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The Deewan Workspace is a smoke-free workspace for coworking, remote workers or freelancers. Every month they also organize different events like cooking classes, calligraphy courses, language exchange nights, etc. Workspaces can also be rented for large meetings (think of businesses, NGOs or start-ups).
Entrepreneurship comes naturally to Palestinians. They’re a people with a long history of tradesmen with ports across the Mediterranean and geographic location connecting the east with the west. Perseverance, resoursefulness and grit — some of the traits of a promising entrepreneur — are common in Palestinian given their current predicament. Entrepreneurship became a form of resistance and a way to survive. One can argue that the no where to go but up attitude is what’s creating the promising wave of entrepreneurs we’re seeing today. We believe that the hungriest entrepreneurs are the ones willing to do what it takes to build and launch a business from scratch — a feat we all know is not for the faint of hearts. As such many Palestinians are turning to entrepreneurship, so much so that a World Bank study published in 2018 found that 19 new startups are created annually by highly educated founders (85 per cent with a university degree and 27 percent with graduate degrees) in Palestine, higher than Lebanon or Tanzania, two countries that share a similar technology landscape.
The outlook is not all grim though – initiatives like Rawabi spearheaded by Bashar Marsi are bringing the ecosystem together, and youth are increasingly seeking to find solutions to the country’s problems through entrepreneurship. Gaza Sky Geeks is another entity responsible for a stream of success stories and refreshing news headlines from embattled Gaza. We’re optimistic and positive about he role entpreneruship will play to uplift the palestinian economy and help it solve some of its pressing problems.
How to Register my Business
In Palestine, similar to Jordan, registering a company goes much more smoothly (and cheaply) with the right lawyer on your side. It’ll cost you about $1,500USD and take about 1 week. You’ll have to visit 3 governmental organizations to complete your registration and you need an official lawyer which costs another $1,000USD. The organizations are the ministry of economics, the taxes authority and the chamber of commerce & industry (which could be optional but needed for a lot of paperwork). Registering a startup is slightly different from a traditional business, but the government is studying applying different laws for startups including lowering registration costs and applicable taxes. One other important thing to keep in mind is that most types of startups need special permits from different organizations depending on the startup type. For e.g., if you were working in education you have to get permits from the ministry of education. As of today (May 2020) there are discussions to remove registration fees for startups, remove taxes for first 2 to 5 years, and to digitize the entire registration process, potentially leapfrogging ahead of their peers regionally. The desired state is a process where entrepreneurs can register from home in a few clicks. In some cases if you are a small startup and still testing your products or services you can work by only registering in the chamber of commerce by applying through one of the incubators in Palestine, so keep that in mind and leverage as applicable.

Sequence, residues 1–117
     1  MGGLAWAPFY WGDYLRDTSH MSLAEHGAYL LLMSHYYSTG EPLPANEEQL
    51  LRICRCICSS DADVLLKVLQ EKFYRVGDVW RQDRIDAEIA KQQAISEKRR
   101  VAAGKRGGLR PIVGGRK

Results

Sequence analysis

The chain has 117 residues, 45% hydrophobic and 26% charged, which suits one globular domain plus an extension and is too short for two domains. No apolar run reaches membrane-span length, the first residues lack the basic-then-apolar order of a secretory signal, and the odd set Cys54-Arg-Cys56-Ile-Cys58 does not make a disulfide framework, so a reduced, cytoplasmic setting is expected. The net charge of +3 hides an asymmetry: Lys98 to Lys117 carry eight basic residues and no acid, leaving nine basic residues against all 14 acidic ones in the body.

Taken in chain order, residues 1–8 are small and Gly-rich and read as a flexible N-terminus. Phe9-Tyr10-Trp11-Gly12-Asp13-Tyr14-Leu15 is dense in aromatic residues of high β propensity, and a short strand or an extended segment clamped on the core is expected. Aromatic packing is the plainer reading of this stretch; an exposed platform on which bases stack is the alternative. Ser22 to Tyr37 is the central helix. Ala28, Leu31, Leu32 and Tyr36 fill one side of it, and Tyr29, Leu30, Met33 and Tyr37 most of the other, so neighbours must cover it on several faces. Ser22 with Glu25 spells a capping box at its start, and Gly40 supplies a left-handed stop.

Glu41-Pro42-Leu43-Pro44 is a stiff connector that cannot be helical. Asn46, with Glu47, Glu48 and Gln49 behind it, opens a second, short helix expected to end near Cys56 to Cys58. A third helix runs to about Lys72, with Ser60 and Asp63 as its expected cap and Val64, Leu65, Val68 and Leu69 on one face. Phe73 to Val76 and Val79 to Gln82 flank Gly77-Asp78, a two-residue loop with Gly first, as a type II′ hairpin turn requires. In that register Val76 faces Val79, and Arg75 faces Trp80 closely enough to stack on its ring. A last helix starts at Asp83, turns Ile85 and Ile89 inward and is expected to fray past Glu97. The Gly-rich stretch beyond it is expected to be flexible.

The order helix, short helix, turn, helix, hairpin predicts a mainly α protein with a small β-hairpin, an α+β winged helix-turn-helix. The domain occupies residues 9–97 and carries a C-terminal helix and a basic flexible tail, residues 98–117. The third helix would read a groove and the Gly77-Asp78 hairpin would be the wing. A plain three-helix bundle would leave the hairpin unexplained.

There’s a lot more in the fine print but one another thing to consider is that you’ll need to keep some capital in the bank to open the required company bank account, typically about 10% of starting capital (many choose to withdraw this amount right after registration is complete). Finally, and it’s an area that needs to be addressed to improve the entrepreneurship landscape, there are no bankruptcy laws in Palestine yet and closing a company is a rather involving process that requires multiple in-person visits to the relevant bodies as well as extensive tax payment audits.